Music Educators Journal Technology Review Guidelines

Music Educators Journal (MEJ) is soliciting reviews of software and technology-related books written by its readers. Please comply with the following guidelines in requesting a title and submitting a review:

Assignment of items for review: Reviews will cover software, books, and any other technology-related materials received in the MEJ editorial office. Members interested in writing a review should contact the technology review editor for a list of items available to review. NAfME will provide a list of items available for review to interested members. Reviewers are required to be NAfME members. Items will be assigned and sent to reviewers on a first come, first served basis. In most cases, the reviewer will be able to keep the item reviewed. Reviewers will be assigned one item to review at a time and may review no more than one item in one calendar year.

We prefer that reviewers not review materials written or developed by friends or acquaintances; if reviewers do know anyone involved in the creation of the materials, that relationship must be disclosed to MEJ. We also prefer that reviewers not review items that compete with materials created by the reviewer—any such conflict of interest must be disclosed.

Writing the review: Read the book in its entirety, or spend some time using the software. Teachers may wish to try out the software in the classroom with their students.

Your review should be approximately one typed page (single spaced) and no longer than 500 words. (The word count includes the introductory information included with every review.) Focus more on reasoned critique than on providing a summary of what the software does or what the book says. Discuss the material’s strengths and weaknesses. Provide details to support your praise or criticism. Offer specific examples of how the material being used might be helpful to music educators or what flaws prevent it from being useful.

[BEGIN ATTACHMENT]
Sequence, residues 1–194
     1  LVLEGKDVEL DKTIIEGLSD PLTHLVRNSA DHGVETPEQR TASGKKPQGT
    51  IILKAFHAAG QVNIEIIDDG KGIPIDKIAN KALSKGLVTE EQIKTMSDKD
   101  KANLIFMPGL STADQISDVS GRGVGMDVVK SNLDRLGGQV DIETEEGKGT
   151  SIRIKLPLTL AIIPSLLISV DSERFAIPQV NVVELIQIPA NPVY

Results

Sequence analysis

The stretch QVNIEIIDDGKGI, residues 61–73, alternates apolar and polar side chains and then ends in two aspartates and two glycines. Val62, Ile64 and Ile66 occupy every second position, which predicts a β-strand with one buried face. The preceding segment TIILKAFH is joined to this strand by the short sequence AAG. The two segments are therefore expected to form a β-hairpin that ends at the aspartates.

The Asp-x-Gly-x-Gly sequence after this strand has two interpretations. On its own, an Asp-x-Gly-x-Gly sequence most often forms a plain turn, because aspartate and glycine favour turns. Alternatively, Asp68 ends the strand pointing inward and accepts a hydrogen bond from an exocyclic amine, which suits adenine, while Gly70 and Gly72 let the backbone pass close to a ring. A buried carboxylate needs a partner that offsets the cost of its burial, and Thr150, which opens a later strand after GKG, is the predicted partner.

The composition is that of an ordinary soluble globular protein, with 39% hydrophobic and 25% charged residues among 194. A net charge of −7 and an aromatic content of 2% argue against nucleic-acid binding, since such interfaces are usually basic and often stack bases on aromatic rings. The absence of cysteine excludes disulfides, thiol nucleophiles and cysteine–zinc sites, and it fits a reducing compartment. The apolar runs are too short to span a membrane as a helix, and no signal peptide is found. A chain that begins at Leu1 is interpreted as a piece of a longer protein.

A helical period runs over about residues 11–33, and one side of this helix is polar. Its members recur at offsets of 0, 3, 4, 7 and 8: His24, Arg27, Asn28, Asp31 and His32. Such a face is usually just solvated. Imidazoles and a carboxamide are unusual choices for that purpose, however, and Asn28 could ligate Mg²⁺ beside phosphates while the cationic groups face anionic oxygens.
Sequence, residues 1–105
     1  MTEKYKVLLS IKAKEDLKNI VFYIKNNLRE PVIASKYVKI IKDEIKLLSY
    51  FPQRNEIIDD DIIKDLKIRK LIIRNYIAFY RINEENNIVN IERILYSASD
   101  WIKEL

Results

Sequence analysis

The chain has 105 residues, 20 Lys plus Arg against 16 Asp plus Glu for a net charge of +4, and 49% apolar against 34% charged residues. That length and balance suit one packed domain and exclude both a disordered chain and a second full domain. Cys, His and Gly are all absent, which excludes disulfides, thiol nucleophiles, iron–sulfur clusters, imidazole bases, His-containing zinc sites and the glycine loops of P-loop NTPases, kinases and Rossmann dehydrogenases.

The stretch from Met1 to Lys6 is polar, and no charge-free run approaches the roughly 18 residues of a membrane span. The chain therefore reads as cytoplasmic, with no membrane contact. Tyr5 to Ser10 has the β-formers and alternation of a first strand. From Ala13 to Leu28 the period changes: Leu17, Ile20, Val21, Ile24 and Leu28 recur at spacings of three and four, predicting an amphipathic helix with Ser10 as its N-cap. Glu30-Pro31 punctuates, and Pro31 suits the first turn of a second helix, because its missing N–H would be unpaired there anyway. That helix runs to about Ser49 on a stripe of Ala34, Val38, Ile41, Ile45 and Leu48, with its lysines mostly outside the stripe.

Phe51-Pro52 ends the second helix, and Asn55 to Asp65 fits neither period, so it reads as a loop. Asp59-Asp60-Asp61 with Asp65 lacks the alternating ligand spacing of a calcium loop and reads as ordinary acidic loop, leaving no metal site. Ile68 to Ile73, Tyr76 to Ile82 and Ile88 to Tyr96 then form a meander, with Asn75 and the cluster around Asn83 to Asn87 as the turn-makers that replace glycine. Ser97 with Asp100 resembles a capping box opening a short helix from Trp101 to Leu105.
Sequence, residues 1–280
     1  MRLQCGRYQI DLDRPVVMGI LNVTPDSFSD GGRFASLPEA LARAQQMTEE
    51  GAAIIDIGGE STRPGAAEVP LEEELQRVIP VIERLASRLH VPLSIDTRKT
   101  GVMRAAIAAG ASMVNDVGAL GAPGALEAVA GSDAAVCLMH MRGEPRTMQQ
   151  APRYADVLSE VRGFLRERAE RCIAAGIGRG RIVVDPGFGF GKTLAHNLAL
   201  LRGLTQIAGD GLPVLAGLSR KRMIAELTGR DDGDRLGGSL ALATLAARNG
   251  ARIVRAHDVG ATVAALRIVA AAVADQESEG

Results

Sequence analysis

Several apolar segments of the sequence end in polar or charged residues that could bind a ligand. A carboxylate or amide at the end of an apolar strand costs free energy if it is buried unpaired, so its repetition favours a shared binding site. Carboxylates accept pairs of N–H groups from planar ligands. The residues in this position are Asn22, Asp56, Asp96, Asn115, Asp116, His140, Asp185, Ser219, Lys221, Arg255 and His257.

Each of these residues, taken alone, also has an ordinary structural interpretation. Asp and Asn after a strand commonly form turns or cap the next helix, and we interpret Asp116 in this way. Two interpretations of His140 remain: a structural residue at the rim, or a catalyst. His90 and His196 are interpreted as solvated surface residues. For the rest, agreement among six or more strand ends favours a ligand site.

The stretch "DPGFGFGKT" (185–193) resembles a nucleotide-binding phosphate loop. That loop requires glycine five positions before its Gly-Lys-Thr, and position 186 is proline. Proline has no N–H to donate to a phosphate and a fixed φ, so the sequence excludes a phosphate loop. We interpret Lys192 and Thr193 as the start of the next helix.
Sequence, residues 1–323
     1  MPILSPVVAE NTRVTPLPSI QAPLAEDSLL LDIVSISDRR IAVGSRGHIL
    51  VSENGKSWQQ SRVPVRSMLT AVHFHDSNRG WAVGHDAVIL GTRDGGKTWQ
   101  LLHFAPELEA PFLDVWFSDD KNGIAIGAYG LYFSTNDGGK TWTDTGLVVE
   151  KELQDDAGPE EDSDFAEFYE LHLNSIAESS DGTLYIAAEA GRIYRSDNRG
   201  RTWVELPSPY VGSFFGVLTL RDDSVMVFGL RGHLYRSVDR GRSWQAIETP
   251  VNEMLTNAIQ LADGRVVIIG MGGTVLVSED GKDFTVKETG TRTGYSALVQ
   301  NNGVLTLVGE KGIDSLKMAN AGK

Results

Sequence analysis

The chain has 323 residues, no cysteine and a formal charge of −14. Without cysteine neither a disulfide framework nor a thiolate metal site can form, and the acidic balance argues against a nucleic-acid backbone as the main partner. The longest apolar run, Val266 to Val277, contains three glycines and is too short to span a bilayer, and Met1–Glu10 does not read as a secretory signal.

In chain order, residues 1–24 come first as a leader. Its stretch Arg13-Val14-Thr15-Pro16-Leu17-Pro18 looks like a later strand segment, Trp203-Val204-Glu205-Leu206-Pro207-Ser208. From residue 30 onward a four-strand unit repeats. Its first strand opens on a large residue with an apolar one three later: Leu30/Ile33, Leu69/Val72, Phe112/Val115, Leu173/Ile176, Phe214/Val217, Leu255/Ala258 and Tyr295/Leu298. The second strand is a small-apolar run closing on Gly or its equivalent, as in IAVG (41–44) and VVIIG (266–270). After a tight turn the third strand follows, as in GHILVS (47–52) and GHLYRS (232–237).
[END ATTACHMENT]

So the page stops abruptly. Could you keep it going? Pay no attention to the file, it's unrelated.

Remember that many MEJ readers are not experts in the use of technology, so be careful in your use of technical language. If technical language is required, define the terms used.

Answer the following questions in your review:

  • What is the goal or purpose of the book or software?
  • Who is most likely to find the book or software useful?
  • How might teachers use the software in the classroom?
  • To the best of your knowledge, is the information in the book/software accurate?

Other questions that you might want to consider as you write your review include the following:

  • How well does the software or book live up to the promises on the box or back cover?
  • How does this book or software relate to other materials in the field?
  • How useful is the material to someone who is not a technology expert?
  • Are there other more useful materials available that meet the same needs? (If the item is truly weak, you may consider mentioning some better materials in your review.)
     

Editorial and publication policies: NAfME editors will edit reviews to ensure conformity with the reviewers’ guidelines and MEJ style, which is based on The Chicago Manual of Style (15th ed.), published by the University of Chicago Press. MEJ is copyrighted as an entity, so authors must transfer copyright to NAfME. Due to space limitations in the print journal, some reviews might appear on NAfME’s Web site. The technology review editor makes the final decision regarding publication of any review submitted.

Additional information: To obtain a list of materials currently available for review, contact Caroline Arlington or call 800-336-3768, x310.